- Film director Sir David Lean, – (1908–1991) was born in Croydon on 25 March in 1908.
- Actress, Dame Peggy Ashcroft, – (1907–1991) was born in Croydon and lived in George Street as a child (she is honoured in the naming of the Ashcroft Theatre, part of the Fairfield Halls).
- Comedian Roy Hudd was born in Croydon in 1936 .
- Electrical engineer & inventor of the Teleprinter, Frederick George Creed, (1871–1957), lived and died at 20 Outram Road, Addiscombe.
- Super model Kate Moss was born in Croydon on January 16, 1974.
- Comedian Ronnie Corbett, lives in Shirley.
- Wilfred Wood served as Bishop of Croydon from 1985 to 2002, the first black Church of England bishop.
- Former Arsenal footballer Ian Wright MBE lives in Shirley.
- Feroz Abbasi, arrested in Afghanistan in 2001 and detained at Guantanamo Bay lived in Shirley and attended school in Croydon.
The following London suburbs and villages form part of the London Borough of Croydon:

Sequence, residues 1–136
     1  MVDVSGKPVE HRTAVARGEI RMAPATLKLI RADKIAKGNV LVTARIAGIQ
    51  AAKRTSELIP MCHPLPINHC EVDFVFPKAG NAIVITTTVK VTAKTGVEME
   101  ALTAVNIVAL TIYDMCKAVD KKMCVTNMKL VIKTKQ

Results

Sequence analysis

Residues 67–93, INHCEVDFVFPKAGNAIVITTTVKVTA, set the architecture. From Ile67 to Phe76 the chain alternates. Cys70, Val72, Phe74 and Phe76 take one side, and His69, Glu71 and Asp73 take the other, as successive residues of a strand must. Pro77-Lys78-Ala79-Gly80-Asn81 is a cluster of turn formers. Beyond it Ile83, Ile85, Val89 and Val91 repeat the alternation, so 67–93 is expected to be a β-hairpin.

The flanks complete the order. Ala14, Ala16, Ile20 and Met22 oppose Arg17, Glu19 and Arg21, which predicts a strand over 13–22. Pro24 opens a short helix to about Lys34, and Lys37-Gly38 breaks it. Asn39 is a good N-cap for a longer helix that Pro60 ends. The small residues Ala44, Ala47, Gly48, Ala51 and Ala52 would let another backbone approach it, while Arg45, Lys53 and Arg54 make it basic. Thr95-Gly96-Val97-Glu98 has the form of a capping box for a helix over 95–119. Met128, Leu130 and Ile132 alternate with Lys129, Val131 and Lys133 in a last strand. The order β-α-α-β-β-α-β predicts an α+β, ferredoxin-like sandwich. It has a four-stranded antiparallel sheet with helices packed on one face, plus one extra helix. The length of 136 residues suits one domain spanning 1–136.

- Broad Green
- Coombe – an extensive article – though many people in Croydon would not recognise Coombe as a place name.
- Croydon proper
- Hamsey Green
- New Addington
- South Croydon
- South Norwood
- Thornton Heath
- Upper Norwood
- West Croydon
Croydon is the hub of the new Tramlink service in South London and has mainline rail services to Central London, Gatwick Airport and the South Coast from East Croydon station. There is a large bus station at West Croydon. There are plans to link Croydon to the London Underground network with the terminus of the East London Line extension at West Croydon. The London to Brighton A23 is the major road through Croydon, bypassing central Croydon along Purley Way, home to many superstores, notably IKEA.
Stations in central Croydon:
There are several other railway stations across the borough.
Tramlink stops near the centre of Croydon:
- East Croydon station
- West Croydon station
- Wellesley Road
- George Street
- Church Street
- Reeves Corner
- Lebanon Road
- Croydon Council
- Woodside and South Croydon Railway
- Croydon facelift – a particular type of hairstyle
- Postcode – a note of why and how postcodes CR0 and CR9 differ from the others.
- Lunar House
- Ruskin House
- Croydon Guardian Local News page
- Croydon Guardian Heritage pages
- The Croydon Society Site site
- Croydon Cycling Campaign site
- The Bourne Society take an interest in the Southern part of the borough and have fixed their own blue plaques on a number of buildings there.
- Croydon Parish Church